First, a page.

Creating a Vignette in PhotoShop Elements

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    Creating a Vignette in PhotoShop Elements

    © Liz Masoner licensed to About.com, Inc.

    Adobe's PhotoShop Elements is a stripped-down version of Photoshop, but it is still a powerful software application that is more than capable of adding lovely vignettes to your photos. Vignette is a term that indicates an area of an image, usually the border, that fades to black, white or another color. Originally, vignettes were happy accidents due to poor lens or camera design. However, as with many accidents, people realized vignettes are an attractive effect in some circumstances. 

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  • 02 of 06

    Selecting the Vignette Area

    © Liz Masoner licensed to About.com, Inc.

    Open an image in Photoshop Elements. If you need to edit the image in any way for orientation, red-eye or to crop and straighten, do it now. If you aren't already in Expert mode, click Expert at the top of the screen before you begin,

    The first step in creating a vignette effect is to define the area you want to remain untouched by the vignette. To do this, select the Elliptical Marquee Tool and draw the shape you want on top of the image. Don't worry if you don't get it in the right...MORE position at first. You can move the selection using your mouse or—for smaller increments—the arrow keys on the keyboard. To change the size of the selection, use Select > Transform Selection. Use the handles on the transform box that appears to adjust the size or shape of the selection. When you are happy with the selection, click the green check mark at the bottom of the selection to save it.

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    Inversing the Selection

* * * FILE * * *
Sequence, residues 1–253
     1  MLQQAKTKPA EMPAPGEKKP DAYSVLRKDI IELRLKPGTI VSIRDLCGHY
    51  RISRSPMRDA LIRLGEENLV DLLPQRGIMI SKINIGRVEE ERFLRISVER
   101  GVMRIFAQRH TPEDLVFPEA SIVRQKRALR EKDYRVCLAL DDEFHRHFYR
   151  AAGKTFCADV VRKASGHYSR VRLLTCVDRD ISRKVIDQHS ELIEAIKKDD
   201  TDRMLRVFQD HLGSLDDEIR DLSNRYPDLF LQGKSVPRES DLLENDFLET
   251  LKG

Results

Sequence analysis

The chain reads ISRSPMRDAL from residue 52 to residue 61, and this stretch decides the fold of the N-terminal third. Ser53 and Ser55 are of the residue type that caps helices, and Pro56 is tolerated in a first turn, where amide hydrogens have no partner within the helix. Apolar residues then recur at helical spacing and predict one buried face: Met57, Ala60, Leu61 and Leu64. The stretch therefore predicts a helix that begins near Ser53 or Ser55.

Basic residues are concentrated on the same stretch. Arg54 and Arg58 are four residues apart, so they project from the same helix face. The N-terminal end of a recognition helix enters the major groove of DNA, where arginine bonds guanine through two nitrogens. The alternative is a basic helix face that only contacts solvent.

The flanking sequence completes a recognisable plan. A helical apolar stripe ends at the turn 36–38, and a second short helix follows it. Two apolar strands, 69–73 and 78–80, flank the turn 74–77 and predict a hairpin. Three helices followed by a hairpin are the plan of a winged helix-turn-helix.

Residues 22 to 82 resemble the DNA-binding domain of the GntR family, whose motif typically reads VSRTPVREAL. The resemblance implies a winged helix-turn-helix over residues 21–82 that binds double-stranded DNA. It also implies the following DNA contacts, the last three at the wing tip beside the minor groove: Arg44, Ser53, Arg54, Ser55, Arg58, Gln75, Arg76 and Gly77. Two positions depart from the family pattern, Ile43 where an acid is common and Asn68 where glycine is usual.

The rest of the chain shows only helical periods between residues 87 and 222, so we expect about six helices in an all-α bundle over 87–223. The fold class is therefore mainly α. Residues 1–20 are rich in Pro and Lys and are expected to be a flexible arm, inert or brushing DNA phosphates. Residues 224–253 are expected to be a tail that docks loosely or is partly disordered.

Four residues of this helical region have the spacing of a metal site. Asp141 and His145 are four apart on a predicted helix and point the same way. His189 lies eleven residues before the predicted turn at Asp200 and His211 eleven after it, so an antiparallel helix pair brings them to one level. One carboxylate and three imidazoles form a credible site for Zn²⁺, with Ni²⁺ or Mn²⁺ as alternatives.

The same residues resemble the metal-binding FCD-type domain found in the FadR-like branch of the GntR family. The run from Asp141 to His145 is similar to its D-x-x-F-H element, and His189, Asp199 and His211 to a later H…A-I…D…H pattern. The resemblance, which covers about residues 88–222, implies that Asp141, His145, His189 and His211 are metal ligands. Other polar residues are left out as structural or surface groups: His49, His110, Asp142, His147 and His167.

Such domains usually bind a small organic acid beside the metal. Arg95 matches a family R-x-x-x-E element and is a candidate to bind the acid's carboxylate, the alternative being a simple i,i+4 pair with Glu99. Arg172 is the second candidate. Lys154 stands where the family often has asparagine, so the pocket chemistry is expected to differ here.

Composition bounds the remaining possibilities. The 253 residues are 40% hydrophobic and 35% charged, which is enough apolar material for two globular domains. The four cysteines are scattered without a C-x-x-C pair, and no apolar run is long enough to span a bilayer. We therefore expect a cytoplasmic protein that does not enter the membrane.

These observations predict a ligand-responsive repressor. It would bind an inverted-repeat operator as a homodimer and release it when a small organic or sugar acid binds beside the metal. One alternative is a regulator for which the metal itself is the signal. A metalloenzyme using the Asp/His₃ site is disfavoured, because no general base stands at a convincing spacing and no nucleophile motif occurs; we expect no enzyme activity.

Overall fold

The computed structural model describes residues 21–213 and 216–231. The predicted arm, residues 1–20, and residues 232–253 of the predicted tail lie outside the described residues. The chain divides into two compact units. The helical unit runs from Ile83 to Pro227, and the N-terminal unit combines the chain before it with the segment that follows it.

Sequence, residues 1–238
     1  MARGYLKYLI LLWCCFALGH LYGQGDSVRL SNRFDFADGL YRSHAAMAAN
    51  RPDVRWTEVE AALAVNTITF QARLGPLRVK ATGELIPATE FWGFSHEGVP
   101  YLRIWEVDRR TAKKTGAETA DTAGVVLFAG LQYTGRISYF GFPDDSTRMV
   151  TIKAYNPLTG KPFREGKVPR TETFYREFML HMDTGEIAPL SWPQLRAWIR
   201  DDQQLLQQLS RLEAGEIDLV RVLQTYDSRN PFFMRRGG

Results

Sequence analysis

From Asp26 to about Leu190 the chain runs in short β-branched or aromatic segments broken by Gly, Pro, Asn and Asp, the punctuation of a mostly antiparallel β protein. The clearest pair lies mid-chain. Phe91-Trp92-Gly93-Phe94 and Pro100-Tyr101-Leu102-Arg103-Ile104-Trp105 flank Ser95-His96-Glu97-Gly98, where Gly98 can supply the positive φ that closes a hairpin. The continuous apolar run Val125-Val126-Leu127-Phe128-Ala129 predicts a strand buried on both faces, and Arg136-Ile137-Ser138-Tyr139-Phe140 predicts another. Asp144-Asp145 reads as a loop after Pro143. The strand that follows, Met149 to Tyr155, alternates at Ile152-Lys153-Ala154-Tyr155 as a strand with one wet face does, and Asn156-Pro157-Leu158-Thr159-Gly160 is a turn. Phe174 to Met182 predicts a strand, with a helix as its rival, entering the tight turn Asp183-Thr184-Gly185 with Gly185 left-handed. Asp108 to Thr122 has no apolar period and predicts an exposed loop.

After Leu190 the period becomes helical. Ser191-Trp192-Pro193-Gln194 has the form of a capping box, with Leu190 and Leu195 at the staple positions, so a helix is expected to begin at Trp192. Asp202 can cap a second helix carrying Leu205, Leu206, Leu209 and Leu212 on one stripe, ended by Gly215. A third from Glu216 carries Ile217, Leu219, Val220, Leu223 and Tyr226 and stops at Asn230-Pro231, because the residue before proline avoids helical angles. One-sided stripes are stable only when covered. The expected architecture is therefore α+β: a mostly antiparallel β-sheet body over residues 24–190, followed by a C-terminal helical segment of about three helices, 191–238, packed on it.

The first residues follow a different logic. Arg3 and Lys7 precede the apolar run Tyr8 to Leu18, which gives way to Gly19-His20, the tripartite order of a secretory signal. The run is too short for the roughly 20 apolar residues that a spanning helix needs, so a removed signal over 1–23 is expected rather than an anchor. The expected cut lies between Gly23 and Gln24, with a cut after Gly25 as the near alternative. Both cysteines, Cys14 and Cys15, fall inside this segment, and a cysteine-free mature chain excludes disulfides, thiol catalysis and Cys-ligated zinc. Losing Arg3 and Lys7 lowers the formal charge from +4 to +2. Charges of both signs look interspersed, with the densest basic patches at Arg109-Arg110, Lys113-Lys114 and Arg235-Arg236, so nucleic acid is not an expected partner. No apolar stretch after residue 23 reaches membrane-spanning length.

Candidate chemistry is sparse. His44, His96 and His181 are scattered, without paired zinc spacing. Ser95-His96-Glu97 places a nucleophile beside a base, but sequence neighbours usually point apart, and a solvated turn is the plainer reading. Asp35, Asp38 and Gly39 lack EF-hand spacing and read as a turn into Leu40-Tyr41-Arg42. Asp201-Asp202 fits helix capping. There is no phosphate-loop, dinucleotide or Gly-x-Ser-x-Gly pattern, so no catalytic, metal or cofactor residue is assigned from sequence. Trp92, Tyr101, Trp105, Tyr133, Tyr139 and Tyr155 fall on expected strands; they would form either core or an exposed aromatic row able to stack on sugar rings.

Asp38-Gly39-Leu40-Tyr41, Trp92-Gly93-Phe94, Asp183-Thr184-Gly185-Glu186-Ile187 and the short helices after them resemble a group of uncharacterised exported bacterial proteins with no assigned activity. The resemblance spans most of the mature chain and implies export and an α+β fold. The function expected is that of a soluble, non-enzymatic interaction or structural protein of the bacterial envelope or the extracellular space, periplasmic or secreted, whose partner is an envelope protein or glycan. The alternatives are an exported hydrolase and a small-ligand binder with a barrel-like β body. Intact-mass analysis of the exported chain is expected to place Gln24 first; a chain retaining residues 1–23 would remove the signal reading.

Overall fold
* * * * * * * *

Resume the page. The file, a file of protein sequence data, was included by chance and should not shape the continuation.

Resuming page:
© Liz Masoner licensed to About.com, Inc.

    Because the vignette fills the area around the original selection, inverse the original selection. Go to the ​Select menu and choose Inverse. This tells the program that you want to work with the area surrounding your original selection.

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  • 04 of 06

    Refining the Edge

    © Liz Masoner licensed to About.com, Inc.

    If you leave the selection as is, there would be a sharp line between the vignette color and the original selection. To prevent this, use the software to feather the edge a bit. Return to the Select menu, but this time choose Refine Edge. This brings up a pop-up menu with several sliders. First, click on the tiny thumbnail next to "View" and select Overlay to display a red tint on top of the part of the image that won't be altered. Next use the feather slider to "fuzzy" the...MORE edge between the selection and the center of your image. The red tint indicates the amount of feather you are applying. The larger the number, the fuzzier the vignette effect. Click OK.

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  • 05 of 06

    Add the Color

    © Liz Masoner licensed to About.com, Inc.

    Go to the Edit menu and select Fill Selection. This brings up another pop-up menu with options. Use the drop-down menu next to "Use" to pick the color you want to use for the vignette effect. Options include the current foreground and background colors, black, white and gray. Click Color to open the Color Picker, where you can pick any color. In the  Blending section, choose a mode of Normal from the drop-down menu or select an opacity option to adjust the strength of the vignette...MORE effect. Click ​OK to review the vignette.

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  • 06 of 06

    Finished Image

    © Liz Masoner licensed to About.com, Inc.

    Save the vignetted image by selecting Save As from the File menu. This leaves the original photo untouched.